Boeing, Northrop Grumman submit final KC-X tanker proposal

Boeing and Northrop Grumman say they have submitted their final KC-X Advanced Tanker (AT) proposals for the U.S. Air Force's KC-135 tanker replacement program.

The Boeing Co. (Seattle, Wash.) and Northrop Grumman (Los Angeles, Calif.) say they have submitted their final KC-X Advanced Tanker (AT) proposals for the U.S. Air Force’s KC-135 tanker replacement program. The Boeing tanker, based on the 767, is dubbed KC-767. The Northrop Grumman tanker, being developed with EADS and based on the an Airbus A330, is dubbed the KC-30. The U.S. Air Force is expected to announce the contract award around Jan. 31, 2008.

“We have completed this KC-X process the way we began it - by listening to our Air Force customer,” said Jim Albaugh, president and CEO of Boeing Integrated Defense Systems. “We believe the KC-767 Advanced Tanker will be evaluated as the most capable, technologically advanced and affordable tanker for America.”

Boeing says its tanker will carry three times more cargo and passengers than the KC-135 without sacrificing the operational flexibility delivered by a medium-sized aircraft. Technology advances on the KC-767AT include a sixth-generation, fly-by-wire boom that can offload more than 1,000 gallons of fuel per minute; a third-generation remote vision refueling system; and a state-of-the-art digital flight deck designed for the commercial 767-400ER. In addition to LCD flat panel displays and an integrated flight management system, tanker pilots will have two new systems available - an electronic flight bag and a heads-up guidance system - that will improve situational awareness and mission effectiveness. Boeing also says the KC-767 will save the Air Force an estimated $14.6 billion.

The KC-767 Advanced Tanker will be an advanced derivative of the future 767-200 Long Range Freighter and will be produced at Boeing’s facilities in Everett, Wash., on the existing commercial line where more than 950 767s have been built. Installation of military refueling systems and flight test activities will take place at the company’s finishing center in Wichita, Kan.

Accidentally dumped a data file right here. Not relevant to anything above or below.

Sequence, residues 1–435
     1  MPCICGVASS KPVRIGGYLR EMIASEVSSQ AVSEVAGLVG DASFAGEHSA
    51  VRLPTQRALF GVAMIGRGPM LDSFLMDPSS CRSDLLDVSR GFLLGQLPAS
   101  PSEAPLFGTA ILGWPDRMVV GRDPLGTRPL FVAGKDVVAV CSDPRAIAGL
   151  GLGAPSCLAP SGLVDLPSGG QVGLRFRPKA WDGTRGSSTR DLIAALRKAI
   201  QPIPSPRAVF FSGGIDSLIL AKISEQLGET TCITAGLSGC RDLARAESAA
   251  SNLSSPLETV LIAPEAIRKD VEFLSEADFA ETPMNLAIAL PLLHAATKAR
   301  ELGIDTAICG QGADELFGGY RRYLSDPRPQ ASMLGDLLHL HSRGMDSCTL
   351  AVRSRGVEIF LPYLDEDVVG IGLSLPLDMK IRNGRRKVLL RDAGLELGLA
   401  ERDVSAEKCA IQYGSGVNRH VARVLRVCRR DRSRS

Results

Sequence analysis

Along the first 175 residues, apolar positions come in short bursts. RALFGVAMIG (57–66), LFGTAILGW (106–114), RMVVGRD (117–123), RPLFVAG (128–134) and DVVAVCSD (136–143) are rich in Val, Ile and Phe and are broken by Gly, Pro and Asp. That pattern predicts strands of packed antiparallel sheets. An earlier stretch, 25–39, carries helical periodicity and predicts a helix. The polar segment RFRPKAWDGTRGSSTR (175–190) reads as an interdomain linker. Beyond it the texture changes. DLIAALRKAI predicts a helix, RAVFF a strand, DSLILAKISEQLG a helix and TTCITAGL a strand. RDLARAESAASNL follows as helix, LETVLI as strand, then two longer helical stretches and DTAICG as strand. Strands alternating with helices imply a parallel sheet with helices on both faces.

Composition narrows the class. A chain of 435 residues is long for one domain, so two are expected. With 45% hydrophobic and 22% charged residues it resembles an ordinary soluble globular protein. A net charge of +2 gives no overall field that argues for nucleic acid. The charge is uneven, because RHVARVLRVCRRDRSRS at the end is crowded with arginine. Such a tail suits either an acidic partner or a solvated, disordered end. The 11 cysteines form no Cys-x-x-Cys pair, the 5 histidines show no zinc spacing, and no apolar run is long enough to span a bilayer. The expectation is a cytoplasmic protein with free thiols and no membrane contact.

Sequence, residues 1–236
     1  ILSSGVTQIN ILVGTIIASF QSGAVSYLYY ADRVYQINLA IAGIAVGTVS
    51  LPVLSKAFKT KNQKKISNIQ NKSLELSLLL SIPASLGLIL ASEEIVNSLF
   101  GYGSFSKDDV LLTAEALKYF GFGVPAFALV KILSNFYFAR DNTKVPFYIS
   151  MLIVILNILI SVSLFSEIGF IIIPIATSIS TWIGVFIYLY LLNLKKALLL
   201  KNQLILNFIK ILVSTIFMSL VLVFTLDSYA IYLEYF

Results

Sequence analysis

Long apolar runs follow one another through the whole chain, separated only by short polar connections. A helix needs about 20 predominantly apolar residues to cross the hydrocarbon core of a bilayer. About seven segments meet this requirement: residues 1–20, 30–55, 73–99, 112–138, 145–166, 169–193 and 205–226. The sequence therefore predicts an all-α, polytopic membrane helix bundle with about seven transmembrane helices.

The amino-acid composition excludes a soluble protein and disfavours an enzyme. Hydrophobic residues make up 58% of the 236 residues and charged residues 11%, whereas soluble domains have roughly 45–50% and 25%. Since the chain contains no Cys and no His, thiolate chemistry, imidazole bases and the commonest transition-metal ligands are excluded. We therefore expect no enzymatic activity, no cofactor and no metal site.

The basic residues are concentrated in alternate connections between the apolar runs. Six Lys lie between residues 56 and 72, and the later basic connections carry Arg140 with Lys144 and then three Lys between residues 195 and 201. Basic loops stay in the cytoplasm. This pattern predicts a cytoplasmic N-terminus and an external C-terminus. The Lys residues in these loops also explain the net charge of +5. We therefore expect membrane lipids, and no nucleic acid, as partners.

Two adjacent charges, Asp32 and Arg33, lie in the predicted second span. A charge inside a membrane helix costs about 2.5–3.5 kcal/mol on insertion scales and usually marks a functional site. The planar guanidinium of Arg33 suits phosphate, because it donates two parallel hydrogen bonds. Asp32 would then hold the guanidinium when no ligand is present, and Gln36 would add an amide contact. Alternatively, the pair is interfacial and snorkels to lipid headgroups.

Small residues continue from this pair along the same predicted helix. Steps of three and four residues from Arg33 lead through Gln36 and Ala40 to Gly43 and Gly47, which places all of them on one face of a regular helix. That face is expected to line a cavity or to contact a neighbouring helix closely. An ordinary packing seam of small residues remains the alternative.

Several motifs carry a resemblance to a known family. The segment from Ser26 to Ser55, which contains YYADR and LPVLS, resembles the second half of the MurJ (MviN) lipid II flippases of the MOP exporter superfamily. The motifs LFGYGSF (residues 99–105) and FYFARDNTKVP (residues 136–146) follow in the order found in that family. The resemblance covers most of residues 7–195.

Northrop Grumman is leading a team of aerospace suppliers including EADS, General Electric, Sargent Fletcher, Honeywell, Parker, AAR, Knight Aerospace, Telephonics and others in offering the KC-30 tanker to the U.S. Air Force to replace its aging fleet of KC-135 tankers. The KC-30 is based upon the A330 platform provided by EADS.

“I am extremely proud of the quality of the KC-30 team and the progress it continues to make since initial proposal submission in April 2007,” said Ronald D. Sugar, Northrop Grumman chairman and chief executive officer. “Our solution, the KC-30 Tanker, not only offers greater capabilities and versatility than any tanker available today, it offers the lowest entry risk. It also meets all of the Air Force’s key requirements and is superior in every respect to the KC-135R it replaces. The KC-30 is clearly a ‘game changer’ in that it is the only solution to provide the potential breakthrough in future Air Force air mobility capability as the C-17 did in replacing the venerable C-141.”

Northrop Grumman’s KC-30 Tanker aircraft will be assembled in Mobile, Ala. The program would employ more than 200 U.S. companies in 49 states, centered on new facilities in Mobile. The KC-30 carries 45,000 more pounds of fuel than a KC-135. The KC-30 is also designed to refuel Navy and coalition aircraft, and to serve as a multi-role transport aircraft to move passengers, cargo and medical evacuation patients. The KC-30 incorporates defense systems, precision fly-by-wire technology, and the ability to integrate a communications suite and a global support network.